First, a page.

Briefly describe the work you do.
I make collages out of paper. Usually, I have some preconceived ideas about the colors and the composition. Sometimes I successfully execute the idea right off. But many times I realize it is not working, the energy is not there, and the picture is stagnant. In those cases I scrape away and try to find an answer in the the sources that are splayed out around me. I use auction catalogs, with displays of jewels, silver, and gold antique pieces or reproductions of paintings and drawings that I repurpose for my own use. I make patterns out of cutouts, using a razor to slice around and inlay strokes and fragments. I began as a painter, and often I discovered that in the course of painting I would be holding several brushes in my hand at once. Now I do that with cut outs of paper.
Tell us about your background and how that has had an influence on your work and on you as an artist.
I was born and raised in New York City and still enjoy living here. The energy is terrific, and the daily surprises from having so many different kinds of people in a small area are great. I grew up in Queens, but my parents took me into Manhattan and acquainted me with museums, theater, and dance. I took art classes with a woman who had a basement full of copper teapots, ceramic bowls, and baskets. We drew still life compositions with pastel on velour paper. In high school there was a great art department. I had to drag immense canvasses to school on city buses. My friends and I went to museums to do art assignments. We were very excited by films about the abstract expressionists, and we saw Yoko Ono’s “Fly”. My father worked near the Museum of Modern Art and purchased a family pass and so I was encouraged to visit quite often and absorb “modernism.”
The concept of the artist studio has a broad range of meanings in contemporary practice. Artists may spend much of their time in the actual studio, or they may spend very little time in it. Tell us about your individual studio practice and how it differs from or is the same as traditional notions of “being in the studio.”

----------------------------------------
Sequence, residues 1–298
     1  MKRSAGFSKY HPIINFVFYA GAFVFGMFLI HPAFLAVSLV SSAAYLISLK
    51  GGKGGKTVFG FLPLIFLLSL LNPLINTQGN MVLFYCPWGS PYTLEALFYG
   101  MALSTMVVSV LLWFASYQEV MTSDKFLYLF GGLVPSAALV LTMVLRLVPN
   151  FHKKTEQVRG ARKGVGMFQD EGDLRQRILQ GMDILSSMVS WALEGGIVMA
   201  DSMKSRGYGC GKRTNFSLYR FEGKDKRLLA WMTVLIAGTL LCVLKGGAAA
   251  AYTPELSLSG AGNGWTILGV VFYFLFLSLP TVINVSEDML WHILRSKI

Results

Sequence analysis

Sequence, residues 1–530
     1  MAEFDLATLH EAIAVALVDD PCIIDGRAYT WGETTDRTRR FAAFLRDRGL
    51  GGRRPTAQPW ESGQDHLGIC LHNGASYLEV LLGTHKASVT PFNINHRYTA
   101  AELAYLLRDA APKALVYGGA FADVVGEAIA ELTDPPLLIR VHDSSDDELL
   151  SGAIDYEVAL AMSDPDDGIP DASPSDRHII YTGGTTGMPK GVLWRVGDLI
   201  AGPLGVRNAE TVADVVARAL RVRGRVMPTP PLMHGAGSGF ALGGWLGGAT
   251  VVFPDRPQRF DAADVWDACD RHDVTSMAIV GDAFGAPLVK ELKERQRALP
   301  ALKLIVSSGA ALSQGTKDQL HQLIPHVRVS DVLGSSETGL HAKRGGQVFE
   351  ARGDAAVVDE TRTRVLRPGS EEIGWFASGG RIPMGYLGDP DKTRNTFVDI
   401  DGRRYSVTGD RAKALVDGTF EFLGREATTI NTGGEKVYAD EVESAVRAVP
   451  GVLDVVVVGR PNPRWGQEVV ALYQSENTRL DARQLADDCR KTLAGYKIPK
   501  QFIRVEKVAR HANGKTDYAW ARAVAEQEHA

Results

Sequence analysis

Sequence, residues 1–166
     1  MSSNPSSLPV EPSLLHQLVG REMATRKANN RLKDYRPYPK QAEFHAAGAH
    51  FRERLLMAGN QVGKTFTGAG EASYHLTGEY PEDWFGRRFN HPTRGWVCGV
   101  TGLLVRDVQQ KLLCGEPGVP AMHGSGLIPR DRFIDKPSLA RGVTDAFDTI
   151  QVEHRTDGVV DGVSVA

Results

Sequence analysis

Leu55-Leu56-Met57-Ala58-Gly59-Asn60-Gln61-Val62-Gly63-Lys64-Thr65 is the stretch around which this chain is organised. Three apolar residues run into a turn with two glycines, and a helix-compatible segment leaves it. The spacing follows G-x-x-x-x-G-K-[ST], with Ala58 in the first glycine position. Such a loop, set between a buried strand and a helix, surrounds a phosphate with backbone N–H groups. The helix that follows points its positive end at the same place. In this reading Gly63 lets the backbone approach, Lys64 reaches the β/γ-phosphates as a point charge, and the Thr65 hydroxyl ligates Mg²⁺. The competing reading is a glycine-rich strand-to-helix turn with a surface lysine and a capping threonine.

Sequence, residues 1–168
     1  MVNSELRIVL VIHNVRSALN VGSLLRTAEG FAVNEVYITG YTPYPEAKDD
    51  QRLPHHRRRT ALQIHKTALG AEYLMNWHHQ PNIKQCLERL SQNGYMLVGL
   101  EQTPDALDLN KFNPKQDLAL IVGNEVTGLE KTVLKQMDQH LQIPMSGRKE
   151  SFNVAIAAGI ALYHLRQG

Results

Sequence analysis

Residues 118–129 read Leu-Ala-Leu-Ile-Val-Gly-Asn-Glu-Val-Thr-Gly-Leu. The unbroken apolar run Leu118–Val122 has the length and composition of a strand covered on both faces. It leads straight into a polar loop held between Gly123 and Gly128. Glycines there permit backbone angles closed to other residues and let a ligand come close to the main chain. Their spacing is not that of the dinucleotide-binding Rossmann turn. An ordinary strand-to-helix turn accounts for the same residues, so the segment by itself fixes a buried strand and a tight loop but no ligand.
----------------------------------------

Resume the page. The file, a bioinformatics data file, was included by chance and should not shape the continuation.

I spend at least four hours a day in the studio. Due to various difficulties in the past few years I have moved around quite a bit, but I manage to set things up very quickly. I pile up my source materials, find a work surface, and start cutting and pasting. When I am in the studio I always have music on: jazz, oldies, background stuff. There are a lot of similarities between notes, chords and brushstrokes. A painting is a symphony.
The search for materials to use is an integral part of my work. I make frequent trips to used book stores. There I conceive of ideas about how to use the material I find. It’s exciting to make these connections, and it’s a significant part of the collage process. In the studio, I pile up materials, make groupings of cut-outs, and try to keep things in order. Sometimes the disorder, or the difficulty in finding things is beneficial, as I might make unexpected connections.
What roles do you find yourself playing that you may not have envisioned yourself in when you first started making art?
When I first started making art, I was quite young. I never thought about the difficulties involved in getting people to see my work. At the time, I never imagined how hard it would be to get my work into a gallery.
When do you find is the best time to make art? Do you set aside a specific time everyday or do you have to work whenever time allows?
I work best in the early morning hours until lunch when there are less distractions and my energy is the most concentrated.
How has your work changed in the past five years? How is it the same?
I still use the same processes but they have become more evolved. I have learned more about the properties of paper. I might work into the paper with a sanding block. Experimenting with some different gels and mediums, I have achieved some new effects. Also, I have been able to find much larger paper, and that has been a new challenge.
How have people such as family, friends, writers, philosophers, other artists or even pop icons had an impact on the work you do?
My family (my husband and two daughters) and friends have been incredibly supportive and encouraging to me in my artistic pursuit. There are many artists who have inspired me- Joseph Cornell, Henri Matisse, Richard Deibenkorn, Wayne Theibaud, Jackson Pollock, Charlie Chaplin, and
Alfred Hitchcock, just to name a few.
Have you ever been pulled in the direction of a pursuit other than being an artist? What are your other interests?
I have always wanted to be a painter. I have put the desire aside many times, but it always comes roaring back. If I don’t get to do this work, I feel a piece of me is missing. I also love to read, see nature, and walk my dog.
Laura J. Stein was born in 1955 in New York City. She received a BFA from Cornell University with additional studies at the Pratt Institute, the School of Visual Arts, Parsons School of Design, Cooper Union, and the Art Student’s League. Her work is featured in the current issue of Dialogist.org, and has been exhibited in the office of the Manhattan Borough President, in the first issue of Fresh Paint Magazine, at the Next Gallery in Soho, NYC; the Small Works Show at 80 Wash. Sq. E. Gallery, NYC; the Westbeth Painters Space, NYC; the Condesco-Lawler Gallery, NYC; and the Jacob Fanning Gallery, Wellfleet, Ma. She currently lives and works in New York City.
All images copyright of the artist and used with their permission.